What is ambient music and what did Brian Eno have to do with it? | Blue Coast Music

What is ambient music and what did Brian Eno have to do with it?

From Wikipedia... on Ambient music
As an early 20th-century French composer, Erik Satie used such Dadaist-inspired explorations to create an early form of ambient/background music that he labeled "furniture music" (Musique d'ameublement). This he described as being the sort of music that could be played during a dinner to create a background atmosphere for that activity, rather than serving as the focus of attention.[19]

In his own words, Satie sought to create "a music...which will be part of the noises of the environment, will take them into consideration. I think of it as melodious, softening the noises of the knives and forks at dinner, not dominating them, not imposing itself. It would fill up those heavy silences that sometime fall between friends dining together. It would spare them the trouble of paying attention to their own banal remarks. And at the same time it would neutralize the street noises which so indiscreetly enter into the play of conversation. To make such music would be to respond to a need."[20][21]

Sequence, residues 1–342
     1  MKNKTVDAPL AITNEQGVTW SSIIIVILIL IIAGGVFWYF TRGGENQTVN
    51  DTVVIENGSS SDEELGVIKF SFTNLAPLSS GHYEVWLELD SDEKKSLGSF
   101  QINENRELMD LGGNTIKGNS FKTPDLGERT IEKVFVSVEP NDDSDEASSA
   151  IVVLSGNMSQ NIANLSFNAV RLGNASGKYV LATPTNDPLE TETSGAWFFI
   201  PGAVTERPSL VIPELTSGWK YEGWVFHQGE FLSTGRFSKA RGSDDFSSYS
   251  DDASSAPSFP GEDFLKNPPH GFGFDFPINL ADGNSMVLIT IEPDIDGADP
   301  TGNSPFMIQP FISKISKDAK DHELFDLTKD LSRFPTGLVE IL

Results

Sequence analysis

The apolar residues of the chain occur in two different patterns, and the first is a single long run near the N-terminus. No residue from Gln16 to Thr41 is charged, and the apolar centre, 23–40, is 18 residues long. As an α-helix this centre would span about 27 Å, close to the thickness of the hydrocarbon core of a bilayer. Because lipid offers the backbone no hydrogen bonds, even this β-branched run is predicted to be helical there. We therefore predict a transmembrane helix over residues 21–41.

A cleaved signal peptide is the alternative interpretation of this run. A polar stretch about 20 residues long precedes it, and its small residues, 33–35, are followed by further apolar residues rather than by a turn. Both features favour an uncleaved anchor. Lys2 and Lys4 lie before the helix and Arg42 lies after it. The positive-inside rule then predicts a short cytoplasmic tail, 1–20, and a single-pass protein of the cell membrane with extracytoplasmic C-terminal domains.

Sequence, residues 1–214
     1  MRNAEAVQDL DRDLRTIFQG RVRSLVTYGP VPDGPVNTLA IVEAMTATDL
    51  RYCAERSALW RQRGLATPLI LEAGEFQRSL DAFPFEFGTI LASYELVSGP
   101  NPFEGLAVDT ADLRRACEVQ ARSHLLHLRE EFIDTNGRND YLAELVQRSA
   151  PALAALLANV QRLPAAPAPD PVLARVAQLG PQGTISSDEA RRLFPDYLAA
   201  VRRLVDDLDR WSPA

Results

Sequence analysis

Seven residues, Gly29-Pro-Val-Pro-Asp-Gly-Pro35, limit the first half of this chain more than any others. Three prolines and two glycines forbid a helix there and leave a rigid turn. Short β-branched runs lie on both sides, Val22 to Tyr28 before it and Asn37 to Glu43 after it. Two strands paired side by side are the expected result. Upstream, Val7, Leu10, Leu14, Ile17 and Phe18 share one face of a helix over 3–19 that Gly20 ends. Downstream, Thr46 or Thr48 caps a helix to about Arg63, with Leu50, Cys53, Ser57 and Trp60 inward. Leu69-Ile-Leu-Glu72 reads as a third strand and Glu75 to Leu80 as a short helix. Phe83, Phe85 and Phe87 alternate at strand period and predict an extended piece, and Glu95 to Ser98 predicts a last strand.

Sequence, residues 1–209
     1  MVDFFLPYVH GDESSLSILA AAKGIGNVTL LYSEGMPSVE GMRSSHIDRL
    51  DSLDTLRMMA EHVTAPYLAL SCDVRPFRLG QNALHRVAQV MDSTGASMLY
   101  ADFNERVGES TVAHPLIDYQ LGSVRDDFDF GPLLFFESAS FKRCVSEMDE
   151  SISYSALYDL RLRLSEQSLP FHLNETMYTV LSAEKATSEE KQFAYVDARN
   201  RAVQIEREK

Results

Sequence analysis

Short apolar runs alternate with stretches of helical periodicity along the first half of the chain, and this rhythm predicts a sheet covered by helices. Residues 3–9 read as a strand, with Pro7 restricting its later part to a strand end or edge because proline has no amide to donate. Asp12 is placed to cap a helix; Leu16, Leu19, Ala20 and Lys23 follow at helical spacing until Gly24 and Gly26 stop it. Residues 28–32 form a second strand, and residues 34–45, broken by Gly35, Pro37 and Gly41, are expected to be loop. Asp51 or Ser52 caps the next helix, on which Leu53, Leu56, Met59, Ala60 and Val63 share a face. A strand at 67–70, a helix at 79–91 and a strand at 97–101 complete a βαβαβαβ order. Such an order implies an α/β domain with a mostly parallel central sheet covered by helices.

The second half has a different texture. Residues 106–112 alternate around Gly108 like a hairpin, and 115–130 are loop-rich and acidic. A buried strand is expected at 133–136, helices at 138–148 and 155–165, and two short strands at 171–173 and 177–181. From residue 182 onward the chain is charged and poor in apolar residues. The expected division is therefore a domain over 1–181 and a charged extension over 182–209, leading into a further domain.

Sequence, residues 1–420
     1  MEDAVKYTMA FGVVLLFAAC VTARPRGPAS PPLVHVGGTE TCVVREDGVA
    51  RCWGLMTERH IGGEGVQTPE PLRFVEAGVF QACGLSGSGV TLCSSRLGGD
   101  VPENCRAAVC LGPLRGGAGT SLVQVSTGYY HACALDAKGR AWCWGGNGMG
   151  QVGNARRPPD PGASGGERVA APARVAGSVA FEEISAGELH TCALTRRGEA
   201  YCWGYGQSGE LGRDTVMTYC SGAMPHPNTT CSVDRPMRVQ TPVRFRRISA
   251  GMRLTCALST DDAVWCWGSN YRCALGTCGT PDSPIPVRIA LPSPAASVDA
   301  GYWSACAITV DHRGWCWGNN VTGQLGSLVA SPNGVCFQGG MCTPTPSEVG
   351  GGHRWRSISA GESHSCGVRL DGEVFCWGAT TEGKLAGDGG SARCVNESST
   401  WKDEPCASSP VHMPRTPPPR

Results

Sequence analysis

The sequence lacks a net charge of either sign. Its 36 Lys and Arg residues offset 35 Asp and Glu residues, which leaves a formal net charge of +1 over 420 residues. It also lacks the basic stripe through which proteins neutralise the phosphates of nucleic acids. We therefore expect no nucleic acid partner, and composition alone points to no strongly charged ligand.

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In the 1960's Brian Eno would continue these explorations with Music for Airports. Today, we have the Sound Healing Symphony that can sell out Grace Cathedral with baths of Tibetan Bells and 1200 people in attendance (half of which are laying on yoga mats). In between, a new genre of music was create that is used to sooth, heal, relax and meditate or often composed for film to enhance emotional response.

Some people associate the genre called "New Age" with ambient music. Some associate synthesizer composers like Suzanne Ciani with both New Age and ambient music. Modern day composers like Philip Glass create repetitive patterns of music played by orchestral instruments to create a wash of sound.

We hope to bring more attention to hidden treasures of musical calmness at Blue Coast Music